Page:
Databases are exceptionally useful for allowing access to important data, but they by default expose data to risks depending on how they are stored. If a database is stored in the cloud, for example, it could potentially be exposed to threats that put the future of your business in jeopardy. Compared to the public cloud, a private cloud database can give you more opportunities for security, flexibility, and customization.
Virtualization has opened up a lot of doors for businesses who want to make their operations more flexible, but your business can’t simply implement it all willy-nilly. You need to have specific requirements in mind for your cloud hardware. This week’s tip is dedicated to helping you make the best decisions possible regarding the adoption of virtualization for your business’ needs.
The cloud has helped many businesses push beyond their limits, but is your organization taking advantage of it? Depending on the needs of your specific business, the cloud can benefit your organization in ways you could never dream of just 20 years ago. We’ll go through some of the best ways the cloud can help your organization.
Were you among the 55.3 percent of employees who took their work devices on the road during this past holiday season? Chances are that if you have employees who find it difficult to complete their duties in the office, they’ll take it home with them over the holidays to make sure they don’t fall behind. Yet, they could potentially be exposing important data to risk, even if it means getting a little bit of work done here and there in the meantime.
Nowadays, businesses take advantage of so many solutions that it can be challenging just to keep them all in line, let alone managing and maintaining them all. Of course, the most difficult part of using so much technology is affording it. While you could certainly invest in software licenses for each and every one of you users’ systems, there is an alternative that you should certainly consider.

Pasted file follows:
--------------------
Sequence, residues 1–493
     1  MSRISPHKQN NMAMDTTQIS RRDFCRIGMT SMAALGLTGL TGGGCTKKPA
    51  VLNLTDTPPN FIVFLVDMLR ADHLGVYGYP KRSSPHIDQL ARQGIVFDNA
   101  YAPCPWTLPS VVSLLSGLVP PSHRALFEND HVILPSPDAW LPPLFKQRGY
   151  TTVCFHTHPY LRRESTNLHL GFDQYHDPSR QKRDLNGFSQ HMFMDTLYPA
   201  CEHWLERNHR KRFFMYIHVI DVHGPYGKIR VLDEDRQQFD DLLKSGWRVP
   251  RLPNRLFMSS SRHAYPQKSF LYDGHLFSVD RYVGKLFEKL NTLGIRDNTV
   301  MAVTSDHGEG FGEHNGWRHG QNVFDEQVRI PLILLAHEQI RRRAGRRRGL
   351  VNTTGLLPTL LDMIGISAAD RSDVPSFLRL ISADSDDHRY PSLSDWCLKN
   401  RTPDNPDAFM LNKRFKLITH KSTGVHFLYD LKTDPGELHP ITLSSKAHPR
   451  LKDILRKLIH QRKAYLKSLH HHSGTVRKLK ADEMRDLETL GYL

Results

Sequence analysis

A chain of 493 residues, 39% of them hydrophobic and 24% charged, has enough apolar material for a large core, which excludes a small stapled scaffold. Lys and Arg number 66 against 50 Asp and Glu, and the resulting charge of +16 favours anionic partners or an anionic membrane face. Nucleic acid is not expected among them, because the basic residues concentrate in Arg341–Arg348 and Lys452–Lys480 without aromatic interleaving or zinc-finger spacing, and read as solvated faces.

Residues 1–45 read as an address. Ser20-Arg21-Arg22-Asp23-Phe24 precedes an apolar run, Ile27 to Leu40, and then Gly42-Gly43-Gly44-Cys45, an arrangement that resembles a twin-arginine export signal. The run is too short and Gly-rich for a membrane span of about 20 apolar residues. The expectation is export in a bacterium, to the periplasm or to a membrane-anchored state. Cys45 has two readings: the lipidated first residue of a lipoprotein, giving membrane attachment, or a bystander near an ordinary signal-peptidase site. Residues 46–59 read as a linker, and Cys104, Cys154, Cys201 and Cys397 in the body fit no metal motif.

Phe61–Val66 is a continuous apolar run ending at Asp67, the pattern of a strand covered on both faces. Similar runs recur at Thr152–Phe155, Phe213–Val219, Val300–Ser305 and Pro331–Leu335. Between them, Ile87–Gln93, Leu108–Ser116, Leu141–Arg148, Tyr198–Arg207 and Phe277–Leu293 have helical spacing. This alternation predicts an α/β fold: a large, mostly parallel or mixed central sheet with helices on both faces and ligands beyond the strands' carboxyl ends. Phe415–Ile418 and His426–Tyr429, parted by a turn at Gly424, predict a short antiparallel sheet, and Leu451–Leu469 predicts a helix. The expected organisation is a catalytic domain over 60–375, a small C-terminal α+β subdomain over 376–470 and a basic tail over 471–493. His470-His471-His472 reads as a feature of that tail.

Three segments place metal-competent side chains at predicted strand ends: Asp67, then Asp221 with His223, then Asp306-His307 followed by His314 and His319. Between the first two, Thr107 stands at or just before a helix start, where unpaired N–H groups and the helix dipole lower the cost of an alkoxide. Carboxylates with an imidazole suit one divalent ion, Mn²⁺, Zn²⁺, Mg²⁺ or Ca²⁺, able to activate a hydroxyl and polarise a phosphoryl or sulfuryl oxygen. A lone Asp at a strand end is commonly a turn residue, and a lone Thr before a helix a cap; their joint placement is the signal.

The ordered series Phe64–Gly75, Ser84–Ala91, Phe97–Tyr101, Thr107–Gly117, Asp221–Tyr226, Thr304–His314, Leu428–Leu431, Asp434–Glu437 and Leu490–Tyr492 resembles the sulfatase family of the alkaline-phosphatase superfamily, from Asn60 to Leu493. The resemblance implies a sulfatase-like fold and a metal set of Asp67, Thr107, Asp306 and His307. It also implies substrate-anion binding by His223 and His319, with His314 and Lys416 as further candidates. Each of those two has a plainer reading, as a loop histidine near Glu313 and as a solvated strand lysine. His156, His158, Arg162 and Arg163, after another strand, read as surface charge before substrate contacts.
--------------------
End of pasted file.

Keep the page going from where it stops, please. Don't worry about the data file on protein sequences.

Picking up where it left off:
No matter how big a business is, it has to leverage at least some IT in order to be efficient. Unfortunately, some organizations are reluctant to implement new technology if they don’t seem to need it immediately. What these businesses don’t know is that the reason they typically don’t implement new solutions--saving money--is in direct conflict with what the solutions are designed to do in the first place.
Evernote is a neat note-taking app that many users have found works for them, as it can be used to keep notes organized in a better way than a traditional notebook. With new features that can offer you plenty of functionality, Evernote might just be the note-taking solution you’ve been looking for all these years. This week’s tip is dedicated to one of the best new features of Evernote: templates.
The cloud has proven to be an extremely useful tool for the modern business. Not only does it provide anywhere-anytime access to applications, processing, storage, et al; it also delivers those products as a service, allowing you to budget for recurring costs rather than major upfront ones. This provides your organization with functional, supported, and secure computing environments that eliminate a lot of the support costs that traditional computing environments require. It sounds like a perfect scenario for small and large businesses alike, but things aren’t always what they seem, as a lot of cloud users have found that they have incurred several hidden costs by using cloud platforms. Today, we take a look at these hidden costs.
Cloud computing is a major player in the way that businesses are approaching their daily operations. This might bring into question whether or not your organization is actually using the cloud in the first place, but one thing is certain--if you haven’t implemented the cloud yet, it’s difficult to not do so, especially considering how great it can be for your company.
Profitability is less the measure of being able to turn a profit, and more the measure of how much profit you can make. For the successful small business, the integration of technology can dictate what kind of annual margins you are looking at. For the new company, however, it can be something even more critical: the difference between setting a course for success, or wallowing in failure. Today we analyze the cost difference between hosting your IT in-house, or choosing to host it in the cloud.